A little girl grows up seeing her beloved Popo, her grandmother, often in Taiwan. They spend time together cuddling, eating and going to the park. Then the girl’s family decide to move to San Diego, far away from Taiwan. The girl goes to school in America with children of all colors. She doesn’t speak English yet, but she is learning. She calls her grandmother regularly. When they return to Taiwan for a visit, it feels different and she can’t communicate in Chinese as well as she used to. Her Popo’s house seems smaller though it smells just the same and her dumplings taste the same too. When her grandmother gets sick, the girl wishes she lived closer, but a dream is just the right thing to being them together after all.
This #ownvoices picture book is based on the author’s childhood, moving from Taipei to Albuquerque. It shows how a long-distance connection between a grandparent and grandchild is possible, keeping memories fresh and new experiences shared with one another. The book is filled with elements of Taiwan, such as New Year’s celebrations, dumplings and other food. Smells of Taiwan are mentioned regularly, wafting through experiences and dreams.
Kuo’s art is bold and beautiful. She allows the little girl to age through the course of the story, toddling in the park then heading to school, becoming less round and more lean as the pages turn. Popo also ages, the lines on her face more pronounced and her hair changing from black to gray. It is subtle and beautifully done.
A gentle story of immigration and continued connection to those left behind. Appropriate for ages 3-5.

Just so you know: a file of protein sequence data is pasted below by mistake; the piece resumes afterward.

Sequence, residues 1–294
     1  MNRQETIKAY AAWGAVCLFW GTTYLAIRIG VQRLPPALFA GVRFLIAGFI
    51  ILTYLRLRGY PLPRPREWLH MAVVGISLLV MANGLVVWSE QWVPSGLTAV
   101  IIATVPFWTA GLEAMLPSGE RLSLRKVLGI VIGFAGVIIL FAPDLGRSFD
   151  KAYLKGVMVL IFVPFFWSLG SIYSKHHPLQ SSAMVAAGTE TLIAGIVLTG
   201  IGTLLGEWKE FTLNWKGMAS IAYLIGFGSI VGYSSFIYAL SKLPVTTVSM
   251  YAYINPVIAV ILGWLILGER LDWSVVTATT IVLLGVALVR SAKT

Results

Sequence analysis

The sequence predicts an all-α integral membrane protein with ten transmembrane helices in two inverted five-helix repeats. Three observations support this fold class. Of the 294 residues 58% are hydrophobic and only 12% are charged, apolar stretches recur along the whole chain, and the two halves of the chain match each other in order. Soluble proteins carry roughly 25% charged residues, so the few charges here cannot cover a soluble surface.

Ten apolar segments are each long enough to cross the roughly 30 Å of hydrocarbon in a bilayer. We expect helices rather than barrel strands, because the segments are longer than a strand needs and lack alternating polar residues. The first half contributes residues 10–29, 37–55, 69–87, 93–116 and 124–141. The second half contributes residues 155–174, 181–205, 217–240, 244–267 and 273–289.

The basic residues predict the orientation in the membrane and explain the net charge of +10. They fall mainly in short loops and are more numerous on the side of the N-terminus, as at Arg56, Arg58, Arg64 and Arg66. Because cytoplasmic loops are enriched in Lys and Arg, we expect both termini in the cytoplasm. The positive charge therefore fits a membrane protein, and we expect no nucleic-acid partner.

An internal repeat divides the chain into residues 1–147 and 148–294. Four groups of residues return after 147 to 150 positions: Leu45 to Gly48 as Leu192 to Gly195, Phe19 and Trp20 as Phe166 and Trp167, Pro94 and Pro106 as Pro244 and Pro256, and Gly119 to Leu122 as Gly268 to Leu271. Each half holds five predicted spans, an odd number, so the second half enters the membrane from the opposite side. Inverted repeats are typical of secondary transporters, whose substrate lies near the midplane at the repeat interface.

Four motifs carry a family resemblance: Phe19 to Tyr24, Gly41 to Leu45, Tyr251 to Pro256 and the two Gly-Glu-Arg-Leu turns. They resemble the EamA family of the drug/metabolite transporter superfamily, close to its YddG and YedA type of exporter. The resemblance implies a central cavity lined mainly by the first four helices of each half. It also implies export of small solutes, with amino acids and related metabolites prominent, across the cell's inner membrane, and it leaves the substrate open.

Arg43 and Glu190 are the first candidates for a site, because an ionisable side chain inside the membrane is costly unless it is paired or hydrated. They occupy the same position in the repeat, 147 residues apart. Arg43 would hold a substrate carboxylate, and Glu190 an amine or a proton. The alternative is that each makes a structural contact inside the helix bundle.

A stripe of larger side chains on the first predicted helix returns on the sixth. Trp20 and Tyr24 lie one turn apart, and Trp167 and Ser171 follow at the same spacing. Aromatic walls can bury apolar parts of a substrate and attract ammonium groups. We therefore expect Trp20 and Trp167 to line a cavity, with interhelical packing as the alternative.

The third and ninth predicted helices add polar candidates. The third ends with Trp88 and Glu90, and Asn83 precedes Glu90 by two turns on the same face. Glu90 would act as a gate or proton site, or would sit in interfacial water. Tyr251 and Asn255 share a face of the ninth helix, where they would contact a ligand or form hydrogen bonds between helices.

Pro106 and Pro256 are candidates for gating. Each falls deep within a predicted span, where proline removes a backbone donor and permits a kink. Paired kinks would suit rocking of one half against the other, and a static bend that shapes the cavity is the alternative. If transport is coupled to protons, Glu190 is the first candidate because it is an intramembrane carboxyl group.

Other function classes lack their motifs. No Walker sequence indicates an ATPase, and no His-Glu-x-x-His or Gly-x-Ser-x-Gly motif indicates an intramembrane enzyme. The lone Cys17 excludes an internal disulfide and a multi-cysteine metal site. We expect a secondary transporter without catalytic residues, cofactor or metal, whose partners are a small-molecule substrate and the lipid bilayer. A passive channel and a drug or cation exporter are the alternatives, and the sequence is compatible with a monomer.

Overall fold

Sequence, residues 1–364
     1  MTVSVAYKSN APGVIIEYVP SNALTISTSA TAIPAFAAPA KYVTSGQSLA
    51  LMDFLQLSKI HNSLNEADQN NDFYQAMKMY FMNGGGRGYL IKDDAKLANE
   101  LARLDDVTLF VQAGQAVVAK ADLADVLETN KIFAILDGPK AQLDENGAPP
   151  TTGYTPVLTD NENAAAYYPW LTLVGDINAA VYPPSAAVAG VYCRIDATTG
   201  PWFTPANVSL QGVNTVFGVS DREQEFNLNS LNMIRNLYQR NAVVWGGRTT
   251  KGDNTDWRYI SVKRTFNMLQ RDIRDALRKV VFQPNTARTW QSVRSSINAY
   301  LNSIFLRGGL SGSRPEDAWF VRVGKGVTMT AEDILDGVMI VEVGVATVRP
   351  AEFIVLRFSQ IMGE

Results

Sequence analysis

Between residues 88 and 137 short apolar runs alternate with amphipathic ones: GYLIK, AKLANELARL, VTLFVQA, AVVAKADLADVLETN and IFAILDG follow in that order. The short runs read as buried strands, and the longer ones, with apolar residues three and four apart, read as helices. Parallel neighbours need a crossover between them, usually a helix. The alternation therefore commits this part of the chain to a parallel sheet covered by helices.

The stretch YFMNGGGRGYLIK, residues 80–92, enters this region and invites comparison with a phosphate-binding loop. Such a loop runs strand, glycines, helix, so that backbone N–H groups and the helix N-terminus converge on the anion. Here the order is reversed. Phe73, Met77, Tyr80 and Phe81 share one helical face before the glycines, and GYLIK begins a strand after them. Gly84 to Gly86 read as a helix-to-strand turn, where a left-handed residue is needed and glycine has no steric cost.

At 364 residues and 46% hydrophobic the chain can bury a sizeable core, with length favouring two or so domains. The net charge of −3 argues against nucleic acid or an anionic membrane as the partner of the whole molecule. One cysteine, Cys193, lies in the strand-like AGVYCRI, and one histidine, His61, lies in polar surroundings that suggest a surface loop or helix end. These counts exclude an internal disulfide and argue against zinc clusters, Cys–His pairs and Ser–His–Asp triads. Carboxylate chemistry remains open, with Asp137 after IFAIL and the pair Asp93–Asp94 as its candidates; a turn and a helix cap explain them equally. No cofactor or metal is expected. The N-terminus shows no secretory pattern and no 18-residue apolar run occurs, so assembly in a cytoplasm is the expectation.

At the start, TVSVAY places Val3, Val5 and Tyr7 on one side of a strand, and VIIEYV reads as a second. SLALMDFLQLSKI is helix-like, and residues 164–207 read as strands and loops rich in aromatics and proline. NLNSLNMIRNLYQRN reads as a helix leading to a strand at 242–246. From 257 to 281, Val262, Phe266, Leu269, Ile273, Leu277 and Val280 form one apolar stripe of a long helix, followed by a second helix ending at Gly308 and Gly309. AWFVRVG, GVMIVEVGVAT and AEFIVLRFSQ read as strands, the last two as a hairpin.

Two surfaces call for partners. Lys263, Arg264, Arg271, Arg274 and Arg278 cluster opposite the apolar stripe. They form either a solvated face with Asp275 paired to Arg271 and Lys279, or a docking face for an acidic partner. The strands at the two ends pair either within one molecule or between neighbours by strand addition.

Reviewed from e-galley provided by Roaring Brook Press.
Growing up in 1950s San Francisco isn’t simple for a Chinese-American girl who loves to dream of working on math that will send people into space. Even her best friend isn’t interested in the same things as Lily is. As Lily becomes more aware of her sexuality, she soon realizes that she is queer. She’s particularly intrigued by a male impersonator in San Francisco. As her love of math draws her closer to a white classmate at school, she realizes they may have even more in common. Soon the two teens are heading out to a club together to watch that same male impersonator that Lily was dreaming about. But remember, it is the 1950s and Chinese girls are not allowed to be gay, so Lily is risking a lot. It’s the time of McCarthyism too, so Lily’s family is threatened by the fear of Communism when her father’s papers are taken away. Lily must find a way to navigate the many dangers of being Chinese, queer and young.
Lo’s writing is so incredible. She creates a historical novel that makes the historical elements so crucial to the story that they flow effortlessly along. She avoids long sections of exposition about history by building it into the story in a natural and thoughtful way. That allows readers to feel Lily’s story all the more deeply while realizing the risks the Lily is taking with her family and friends. Lo also beautifully incorporates San Francisco into the book, allowing readers to walk Chinatown and visit other iconic parts and features of the city.
As well as telling Lily’s story, Lo shares the stories of Lily’s aunt and mother. They took different paths to the present time, making critical decisions about their careers and marriages. These experiences while straight and more historical speak to Lily’s own budding romance and finding of people who support her as she discovers who she is. They remove the simple look at who her mother could be been assumed to be and make her a more complex character.
Layered and remarkable, this book speaks to new, queer love and shows that intersectionality has been around forever. Appropriate for ages 15-18.